Different age groups tend to have unique dental needs. What remains constant is the fact that there are always some levels of dental care involved, either in the form of prevention or treatment.
Although an increased awareness of dental health has reduced the need for extensive treatment in younger patients, it is not uncommon to see that certain sections of the community have clearly failed to benefit from the continuous onslaught of “Better Oral Health” messages.
Babies And Toddlers
Personally, I like to call them “Dental Delights”. They are an amazing age group whose confidence can be won at the chair-side and a check up and simple treatment often faces little opposition.
This is an age group that frequently presents with problems either associated with diet and/ or oral hygiene. This group is easy to communicate as they have the advantage of being in a school environment. Quite often, they may present with fears passed on from peers or parents.
A majority of teenagers in this country enjoy good dental health. Teen Dental Initiatives have helped in timely aversion of many a tooth being lost. This bunch sometimes presents with a myriad of issues, but not always related to, excessive consumption of aerated/ soft drinks, bulimia, use of recreational drugs, neglected oral hygiene and lifestyle choices.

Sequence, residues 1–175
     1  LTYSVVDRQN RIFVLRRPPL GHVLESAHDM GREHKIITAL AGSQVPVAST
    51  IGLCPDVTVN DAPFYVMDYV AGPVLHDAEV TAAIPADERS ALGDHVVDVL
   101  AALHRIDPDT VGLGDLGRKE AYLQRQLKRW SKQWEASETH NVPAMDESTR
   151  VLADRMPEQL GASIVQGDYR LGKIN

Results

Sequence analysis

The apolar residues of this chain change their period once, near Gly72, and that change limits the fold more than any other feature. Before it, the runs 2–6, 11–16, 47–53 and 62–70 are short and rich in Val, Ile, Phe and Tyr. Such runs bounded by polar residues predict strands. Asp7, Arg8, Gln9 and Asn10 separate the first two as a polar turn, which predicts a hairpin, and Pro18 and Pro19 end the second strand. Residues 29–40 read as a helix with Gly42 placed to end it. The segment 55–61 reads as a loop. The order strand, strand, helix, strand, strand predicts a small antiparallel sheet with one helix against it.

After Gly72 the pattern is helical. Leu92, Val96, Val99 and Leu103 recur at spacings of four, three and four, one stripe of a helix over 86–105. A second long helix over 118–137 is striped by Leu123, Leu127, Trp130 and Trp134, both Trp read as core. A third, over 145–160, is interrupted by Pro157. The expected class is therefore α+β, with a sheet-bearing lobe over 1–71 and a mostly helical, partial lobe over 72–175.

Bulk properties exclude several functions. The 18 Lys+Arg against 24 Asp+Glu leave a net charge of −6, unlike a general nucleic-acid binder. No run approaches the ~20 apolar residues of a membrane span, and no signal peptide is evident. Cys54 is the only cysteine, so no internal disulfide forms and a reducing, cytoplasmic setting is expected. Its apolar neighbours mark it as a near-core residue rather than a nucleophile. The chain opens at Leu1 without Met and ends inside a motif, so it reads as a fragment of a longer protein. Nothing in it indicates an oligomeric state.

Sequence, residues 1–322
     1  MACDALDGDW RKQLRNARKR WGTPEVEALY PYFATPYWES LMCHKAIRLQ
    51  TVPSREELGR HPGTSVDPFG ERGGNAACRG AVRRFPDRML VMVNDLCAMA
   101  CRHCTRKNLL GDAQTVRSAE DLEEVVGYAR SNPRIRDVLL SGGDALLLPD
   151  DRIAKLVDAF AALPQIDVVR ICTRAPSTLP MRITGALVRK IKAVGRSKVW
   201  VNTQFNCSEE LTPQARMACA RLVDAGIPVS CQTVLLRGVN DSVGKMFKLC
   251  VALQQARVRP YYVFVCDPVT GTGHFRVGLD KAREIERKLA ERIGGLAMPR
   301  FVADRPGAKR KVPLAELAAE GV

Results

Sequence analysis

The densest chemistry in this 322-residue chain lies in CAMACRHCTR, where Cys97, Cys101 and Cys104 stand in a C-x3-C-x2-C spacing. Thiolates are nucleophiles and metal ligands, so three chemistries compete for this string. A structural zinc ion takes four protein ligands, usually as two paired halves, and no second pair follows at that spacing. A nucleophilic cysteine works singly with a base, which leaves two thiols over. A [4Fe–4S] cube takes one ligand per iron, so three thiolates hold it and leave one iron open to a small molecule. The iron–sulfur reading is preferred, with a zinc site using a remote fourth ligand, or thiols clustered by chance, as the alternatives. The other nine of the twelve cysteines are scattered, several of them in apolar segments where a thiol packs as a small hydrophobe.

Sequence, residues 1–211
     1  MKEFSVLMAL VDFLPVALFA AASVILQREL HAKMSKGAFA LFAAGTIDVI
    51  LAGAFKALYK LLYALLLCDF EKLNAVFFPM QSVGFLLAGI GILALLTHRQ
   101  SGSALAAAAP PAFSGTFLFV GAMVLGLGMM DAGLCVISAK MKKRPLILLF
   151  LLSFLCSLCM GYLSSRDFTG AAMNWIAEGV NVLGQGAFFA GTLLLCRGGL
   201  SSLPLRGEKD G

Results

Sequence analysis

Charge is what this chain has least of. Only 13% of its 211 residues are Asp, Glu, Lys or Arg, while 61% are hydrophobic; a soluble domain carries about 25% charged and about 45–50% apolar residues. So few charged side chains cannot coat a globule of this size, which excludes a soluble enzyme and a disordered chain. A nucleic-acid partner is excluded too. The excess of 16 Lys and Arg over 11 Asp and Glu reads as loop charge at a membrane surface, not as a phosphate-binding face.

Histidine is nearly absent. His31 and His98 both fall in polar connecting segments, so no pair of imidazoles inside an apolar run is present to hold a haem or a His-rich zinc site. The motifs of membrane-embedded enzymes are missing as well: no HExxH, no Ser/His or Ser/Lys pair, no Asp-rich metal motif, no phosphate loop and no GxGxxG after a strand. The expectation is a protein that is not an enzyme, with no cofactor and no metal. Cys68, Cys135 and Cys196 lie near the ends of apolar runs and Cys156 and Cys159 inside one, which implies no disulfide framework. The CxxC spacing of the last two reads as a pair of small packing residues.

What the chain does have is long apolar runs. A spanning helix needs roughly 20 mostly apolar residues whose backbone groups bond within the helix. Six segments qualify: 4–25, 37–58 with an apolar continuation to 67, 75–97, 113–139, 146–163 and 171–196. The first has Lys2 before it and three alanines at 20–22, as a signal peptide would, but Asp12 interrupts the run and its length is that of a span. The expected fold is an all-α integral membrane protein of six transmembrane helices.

Signs of Dental Trouble
- Food getting stuck between teeth
- Wincing while chewing
- Prefers to chew on one side
- Avoiding cold/ hot foods
- Holding/ feeling the jaw quite often
- Pain – brought on by different temperatures or starts spontaneously and sometimes at night
Advanced Dental Problems
Treatment of advanced dental problems depends on variety of factors. For example, if a baby tooth is close to the age of being lost naturally, the best course may be to extract it or wait and watch and extract it only if it does start to cause symptoms.
Another factor is child behaviour, usually managed well on a dental chair. It is sometimes more appropriate to refer upset, frightened and uncooperative children for treatment under gas or a general anaesthetic. The main aim of such referrals is to avoid traumatic experiences that are often carried on to adulthood.
To sum things up:
- The first visit for a child should ideally be before any problems start especially pain. Such a visit would imprint the idea of a “pain-free” experience.
- The first visit usually comprises of an introduction to the staff, equipment and instruments. This is usually followed by a brief discussion about diet and oral hygiene with the parents.
- In the event of advanced treatment, the use of a needle is inevitable. We endeavour to make this experience acceptable to the child and depending upon the age of the patient different techniques are employed, usually ending in success.
- The worst case scenario is when the child is completely distressed, upset and uncooperative. This is not as hopeless as it may appear; a prompt referral to a specialist or a larger hospital (where recovery facility is available) is done where the child is treated under sedation or a general anaesthetic.